zsh how to reload updated function definition - shell

I am unable to update a function definition in my zsh dotfiles.
Specifically, I have this in my ~/.zshrc
unalias cd 2>/dev/null # Prevent infinite loops if sourcing this file again in the same session
logged_cd() {
cd "$#"
pwd > ~/.last_cd
alias "cd"="logged_cd" # keep track of most recent directory
I want to update the logged_cd function
logged_cd() {
cd "$#" && pwd > ~/.last_cd || return 1
So I updated my ~/.zshrc with the updated code, and did source ~/.zshrc but the old definition was still there.
I saw this one related question that suggested using unfunction which I tried, but that didn't work either.
Note that I also tried opening a new tab in my terminal so that zsh would be reloaded entirely but even in the new shell, it still is using the old function definition. Is something else going on here?


Terminal prompt on new Mac is not the same as on my existing Mac

MacOS Ventura 13.1
M2 Silicon
Trying to set up a new mac. On my existing Mac, I have a .zshrc, and in it, I have the following:
## begin Git branch prompt
git_branch_test_color() {
local ref=$(git symbolic-ref --short HEAD 2> /dev/null)
if [ -n "${ref}" ]; then
if [ -n "$(git status --porcelain)" ]; then
local gitstatuscolor='%F{red}'
local gitstatuscolor='%F{green}'
echo "${gitstatuscolor} (${ref})"
echo ""
PROMPT='%/ $(git_branch_test_color)%F{none} $ '
# add 24h time the right side
RPROMPT='%D{%m-%d-%Y %k:%M:%S}'
## end Git branch prompt
And I would get something like:
/Users/jmac/Development/repos/p1 (development) $ 02-16-2023 19:20:56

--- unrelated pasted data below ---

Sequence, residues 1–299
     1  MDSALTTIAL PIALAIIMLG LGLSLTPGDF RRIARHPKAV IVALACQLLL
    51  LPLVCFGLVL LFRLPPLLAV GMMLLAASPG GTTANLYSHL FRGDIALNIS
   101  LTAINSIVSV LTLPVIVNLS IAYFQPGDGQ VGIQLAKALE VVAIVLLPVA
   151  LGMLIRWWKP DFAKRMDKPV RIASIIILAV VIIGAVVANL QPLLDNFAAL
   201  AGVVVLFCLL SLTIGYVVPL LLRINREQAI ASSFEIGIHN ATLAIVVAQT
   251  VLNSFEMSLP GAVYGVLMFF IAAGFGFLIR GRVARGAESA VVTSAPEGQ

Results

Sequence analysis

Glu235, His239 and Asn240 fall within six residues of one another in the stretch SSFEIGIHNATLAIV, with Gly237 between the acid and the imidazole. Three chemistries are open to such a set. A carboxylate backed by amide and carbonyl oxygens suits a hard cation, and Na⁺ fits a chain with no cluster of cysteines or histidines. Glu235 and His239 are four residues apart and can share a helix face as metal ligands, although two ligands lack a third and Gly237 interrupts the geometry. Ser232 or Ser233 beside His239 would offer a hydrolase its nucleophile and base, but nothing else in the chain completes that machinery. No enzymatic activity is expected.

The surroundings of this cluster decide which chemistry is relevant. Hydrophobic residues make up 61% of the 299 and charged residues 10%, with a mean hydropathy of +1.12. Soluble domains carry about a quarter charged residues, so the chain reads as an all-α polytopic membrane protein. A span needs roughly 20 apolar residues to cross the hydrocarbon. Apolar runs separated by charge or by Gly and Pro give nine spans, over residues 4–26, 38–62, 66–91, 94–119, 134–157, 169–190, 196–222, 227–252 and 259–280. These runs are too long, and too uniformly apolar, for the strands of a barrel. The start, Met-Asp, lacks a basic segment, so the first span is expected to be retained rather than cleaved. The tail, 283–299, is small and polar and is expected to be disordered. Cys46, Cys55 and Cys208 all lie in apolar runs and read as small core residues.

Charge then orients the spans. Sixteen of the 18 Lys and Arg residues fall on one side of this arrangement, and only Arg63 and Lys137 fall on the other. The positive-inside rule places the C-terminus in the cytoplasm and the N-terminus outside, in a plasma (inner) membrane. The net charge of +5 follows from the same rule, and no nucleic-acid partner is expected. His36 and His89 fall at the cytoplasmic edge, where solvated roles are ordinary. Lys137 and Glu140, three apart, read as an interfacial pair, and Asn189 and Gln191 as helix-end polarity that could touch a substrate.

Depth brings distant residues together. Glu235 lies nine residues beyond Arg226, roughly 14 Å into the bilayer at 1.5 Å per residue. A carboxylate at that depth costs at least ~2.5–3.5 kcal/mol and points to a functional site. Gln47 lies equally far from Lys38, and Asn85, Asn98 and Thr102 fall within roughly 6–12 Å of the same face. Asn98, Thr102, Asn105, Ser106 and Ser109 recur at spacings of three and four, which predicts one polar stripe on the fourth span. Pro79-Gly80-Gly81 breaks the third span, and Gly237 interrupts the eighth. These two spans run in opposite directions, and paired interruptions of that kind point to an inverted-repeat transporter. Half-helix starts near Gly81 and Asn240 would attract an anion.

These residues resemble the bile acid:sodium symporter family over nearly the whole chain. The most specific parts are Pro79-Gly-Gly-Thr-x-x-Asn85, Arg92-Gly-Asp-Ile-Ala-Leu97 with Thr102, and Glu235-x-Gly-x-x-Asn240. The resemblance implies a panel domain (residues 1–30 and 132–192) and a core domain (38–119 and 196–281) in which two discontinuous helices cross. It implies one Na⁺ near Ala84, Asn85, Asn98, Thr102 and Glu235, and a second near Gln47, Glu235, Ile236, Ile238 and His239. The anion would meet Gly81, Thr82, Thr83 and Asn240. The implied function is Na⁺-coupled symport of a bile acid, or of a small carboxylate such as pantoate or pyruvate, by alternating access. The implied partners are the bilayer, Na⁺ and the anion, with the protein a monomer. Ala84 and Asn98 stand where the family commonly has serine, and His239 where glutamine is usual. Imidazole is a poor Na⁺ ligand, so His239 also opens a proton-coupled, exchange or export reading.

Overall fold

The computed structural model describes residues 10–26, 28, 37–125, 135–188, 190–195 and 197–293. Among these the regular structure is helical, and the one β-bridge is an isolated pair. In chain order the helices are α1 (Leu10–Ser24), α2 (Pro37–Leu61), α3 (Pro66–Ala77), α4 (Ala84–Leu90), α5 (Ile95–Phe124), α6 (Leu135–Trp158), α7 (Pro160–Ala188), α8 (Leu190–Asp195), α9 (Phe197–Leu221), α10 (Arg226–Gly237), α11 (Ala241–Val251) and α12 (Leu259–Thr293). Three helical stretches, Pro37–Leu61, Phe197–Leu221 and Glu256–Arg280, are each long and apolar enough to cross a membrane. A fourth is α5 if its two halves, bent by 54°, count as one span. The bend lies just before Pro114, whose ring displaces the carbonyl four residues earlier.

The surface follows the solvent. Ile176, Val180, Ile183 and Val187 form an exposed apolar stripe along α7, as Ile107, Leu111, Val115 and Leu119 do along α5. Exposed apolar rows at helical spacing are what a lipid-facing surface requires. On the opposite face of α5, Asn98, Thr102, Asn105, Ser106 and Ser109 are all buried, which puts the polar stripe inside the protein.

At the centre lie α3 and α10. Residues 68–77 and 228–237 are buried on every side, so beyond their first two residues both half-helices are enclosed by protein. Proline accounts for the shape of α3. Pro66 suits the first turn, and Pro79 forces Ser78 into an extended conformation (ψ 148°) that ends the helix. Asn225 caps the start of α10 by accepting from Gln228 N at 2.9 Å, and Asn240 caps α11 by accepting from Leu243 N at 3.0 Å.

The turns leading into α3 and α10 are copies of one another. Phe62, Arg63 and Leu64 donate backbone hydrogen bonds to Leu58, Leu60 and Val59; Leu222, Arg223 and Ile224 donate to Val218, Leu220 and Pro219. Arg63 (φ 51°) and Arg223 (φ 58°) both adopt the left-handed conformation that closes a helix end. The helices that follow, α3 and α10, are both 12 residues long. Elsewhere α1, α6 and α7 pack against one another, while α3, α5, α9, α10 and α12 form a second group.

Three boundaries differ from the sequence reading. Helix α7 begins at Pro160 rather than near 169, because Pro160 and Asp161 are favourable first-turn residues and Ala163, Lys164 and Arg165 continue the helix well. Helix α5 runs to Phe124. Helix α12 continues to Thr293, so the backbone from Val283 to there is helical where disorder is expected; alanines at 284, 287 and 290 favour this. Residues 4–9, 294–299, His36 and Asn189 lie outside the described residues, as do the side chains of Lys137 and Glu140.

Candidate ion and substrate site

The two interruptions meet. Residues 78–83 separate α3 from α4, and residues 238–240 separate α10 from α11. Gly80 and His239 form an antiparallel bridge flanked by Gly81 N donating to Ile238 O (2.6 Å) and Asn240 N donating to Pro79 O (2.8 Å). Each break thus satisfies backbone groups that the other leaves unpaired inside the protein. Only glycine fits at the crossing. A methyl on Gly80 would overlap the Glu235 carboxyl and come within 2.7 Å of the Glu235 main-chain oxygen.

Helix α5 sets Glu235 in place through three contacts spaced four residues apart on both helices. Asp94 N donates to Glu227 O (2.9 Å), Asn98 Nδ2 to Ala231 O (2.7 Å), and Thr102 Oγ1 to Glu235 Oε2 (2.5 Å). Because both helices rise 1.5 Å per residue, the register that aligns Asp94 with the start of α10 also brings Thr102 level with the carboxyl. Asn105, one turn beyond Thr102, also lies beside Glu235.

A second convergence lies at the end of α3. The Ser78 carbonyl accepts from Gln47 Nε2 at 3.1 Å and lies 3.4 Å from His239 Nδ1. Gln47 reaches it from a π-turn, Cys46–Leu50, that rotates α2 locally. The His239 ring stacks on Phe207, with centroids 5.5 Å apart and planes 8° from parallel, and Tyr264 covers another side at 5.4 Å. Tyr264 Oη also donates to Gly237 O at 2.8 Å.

(development) is in red, because I have not checked in my changes and the full path is there for me to see.
On the new Mac, there is no .zshrc by default, so I added the code to the .zprofile file, and it's not working the same. I see the date/time on the right, but I don't see the full path and the prompt looks like this:
/Users/jmac p1 % 02-16-2023 19:20:56
Any ideas? prompt modification is not my forte.
The short answer: create a ~/.zshrc file and move that code into it.
The slightly longer answer: something is overriding the value in the PROMPT variable. There isn't anything in the default zsh installation that'll turn the $ in your prompt into a %.
That 'something' could be in a few different forms. There may be code that is modifying the PS1 variable, which is essentially a synonym for PROMPT. Or there may be something hidden in scripts or functions called from ~/.zprofile (for example, oh-my-zsh does this, albeit usually from ~/.zshrc).
Some options
Try to trace what's happening in the zprofile file. One way to do that is to run these commands:
setopt xtrace
. ~/.zprofile
The main challenge here is often the sheer volume of the output; it may be difficult to find the spot where the prompt is being set.
Move the PROMPT assignment to the bottom of ~/.zprofile. Then your assignment should override whatever is setting the value earlier in the process.
Move the PROMPT assignment into ~/.zshrc. This is a better place for the assignment anyway, since .zshrc is only loaded for interactive shells, and setting the prompt is only used in interactive shells.
The code in ~/.zshrc is loaded after the code in ~/.zprofile, so this has a similar effect to the prior option.
If none of these options have any effect, then you'll need to look for other startup files, e.g. ~/.zlogin. There's a nice overview of how the various dot files are handled in zsh in this answer.

Function defined in .bashrc not recognized

I'm trying to make the function below available from a bash session, so I added it to .bashrc:
function del () { mkdir -p ~/.trash; mv "$#" ~/.trash; }
This works fine in a shell script, but when I call the .bashrc version from the terminal, like:
$ del test.txt
I always get this:
bash: syntax error near unexpected token `test.txt'
I am executing source ~/.bashrc every time I change the file, and I already tried different ways of writing the function, what's wrong with it? It works in a .sh file, so maybe a special syntax for .bashrc is required?